Trip Start Nov 21, 2009
29Trip End May 31, 2010
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Where I stayed
Phang Puni National Park
Happy New Year one and all. Here's to 2010 - it's going to be a better year this year. Started off pretty good.
Have had the best week. The first part of the week was spent camping in the National Park. Haven't been camping for years, now I remember why. It wasn't so bad once you got used to it and the treks we went on certainly made up for it. The first night was spent at the Rangers centre, it was only Dee, Oly and myself and of course the random dogs that seem to be everywhere in Thailand. The Rangers were nice enough chaps, they played guitar and sang thai songs for us. They drink the most hideous of drinks, can't remember what it's called but it's 29 percent proof and it tastes vile. They offered me some and I took a sip and that was more than enough for me, yuk
Our first night in the tent wasn't too bad. Not a great night's sleep, was sharing with Dee, she gets up early to pray (Muslim) so was awake at dawn. Had quick breakfast and then we had to pack up our tents and stuff to head further up the Mountain - 3500ft above sea level - Angel Mountain was our final destination. The driver dropped us off and we began our first day's trekking. The three of us and the guide. No mercy and certainly not for the faint hearted - up and down river banks, over rocks through streams, climbing up waterfalls - yes that's right climbing up the rocks of the waterfalls - don't remember it saying that in the itinerary, and some parts of the climb were really scary. Snakes, spiders, bugs - just your average day out. The scenery was beautiful and when we finally got to the largest of the three waterfalls - we took a natural shower. If you can imagine the strongest power shower and triple it - so refreshing, didn't mind the cold as it was just nice to get a respite from the heat
The family who looked after the place were lovely. The house was made up of bamboo, and off cuts of wood. There was a basin on the floor, a dirt floor, with a tap for cold water and this was used for everything from washing to washing up, clothes washing etc. No electricity, no hot water, very limited cooking facilities - but the lady of the house still managed to turn out the tastiest food. The children were lovely and so eager to learn. Each night we sat by the camp fire under the light of the moon and the stars.
The local village was poor, very poor - one village shop which sold coca cola, eggs, water ,some toileteries and a few handmade scarfs. Oh and there was a telephone box. Everything was filthy, especially the children - but the happiest little souls I've ever seen, always smiling. People have been so friendly, so accomodating - can't do enough for you. I find the whole experience rather humbling to be honest - they have nothing and yet they still happy to share with you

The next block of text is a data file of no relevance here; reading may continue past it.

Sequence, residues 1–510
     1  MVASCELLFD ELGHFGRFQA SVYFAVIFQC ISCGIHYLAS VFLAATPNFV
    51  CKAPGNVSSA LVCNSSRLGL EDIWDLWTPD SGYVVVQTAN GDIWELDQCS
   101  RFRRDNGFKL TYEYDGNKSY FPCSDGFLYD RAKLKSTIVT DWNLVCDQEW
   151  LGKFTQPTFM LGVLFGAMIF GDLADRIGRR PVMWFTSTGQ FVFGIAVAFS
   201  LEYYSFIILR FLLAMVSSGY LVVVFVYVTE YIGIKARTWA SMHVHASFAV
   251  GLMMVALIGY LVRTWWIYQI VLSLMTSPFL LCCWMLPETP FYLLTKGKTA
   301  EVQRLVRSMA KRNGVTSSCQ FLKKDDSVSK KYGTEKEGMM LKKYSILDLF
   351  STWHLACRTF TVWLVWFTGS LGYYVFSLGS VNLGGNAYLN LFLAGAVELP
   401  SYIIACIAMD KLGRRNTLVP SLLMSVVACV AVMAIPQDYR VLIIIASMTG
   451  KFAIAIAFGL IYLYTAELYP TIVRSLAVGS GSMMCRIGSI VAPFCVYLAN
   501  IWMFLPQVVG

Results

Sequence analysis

The children from the village came up and gave us a dance - so cute - have taken video to let you see, hopefully I will be able to upload it.
Day two of trekking was up the mountain, bearing in mind my legs were still aching from the day before. Off we set with the greatest of intentions, my goodness it was hard work. We had just started up the base of the mountain when Dee announced that she could go no further, well that was all the excuse I needed - so we headed back to camp. I know what you're thinking, defeatist attitude - I can honestly say most people would have struggled and I'm not as fit as I used to be.....clearly!!! My muscles still ache now.
The afternoon was a trip to the local caves, about an hours walk - easy compared to previous day. Then back to camp for relaxation, chilled in the hammock for a while. Bliss, doesn't get much better than this.
Our night's sleep was interrupted by locals who turned up at 3.00am and partied til 5.00am. Was not a happy bunny - no point stressing about it though
When we arrived at the Dam we were in pretty good spirtits, had some beer for New Year and were looking forward to a shower, didn't care that it wasn't hot. We didn't have to sleep in a tent anymore and we could get our laundry done - clean clothes, yay.
The place was breathtaking, reminded me a little of Scotland which was rather apt as it was New Year's eve. The lake was like a millpond and the mountains in the background, stunning. There was a local man fishing and I can honestly say it was picture perfect.
We had supper by the side of the lake and then we had the rest of the time to chill. We had the chance to go to a party, but we just decided to stay where we were. The shack at the side of the lake had speakers and music that someone had downloaded from their ipod - we had our very own full moon party for three, hahaha. I brought some Armstrong tartan with me and recited Burns and sang Auld Lang Syne - had to be done.....Im not sure anyone understood a word of it though.
The last day and we headed to a hotel in Singpanburi - was relatively cheap hotel but at least the shower/bath was hot and we had a proper bed for the night
We took a wonder through the town in the evening and visited what looked lik our post office tower. There were various water and light displays around - have seen these before in Bangkok. Early night for everyone as so tired.
Back at Lemon House today for the last time. Heading to Ko Samet tomorrow for 6 days - beach week. Long overdue. I have caught some sun but its all in patches, somewhat resemblant of a zebra - working on my tan will be a priority.
My visa ran out on 31st December, so will either have to go to immigration in Bangkok or do a border run to Cambodia, to get my passport stamped again. Am not overly worried as apparently travellers do this all the time. Will keep you posted......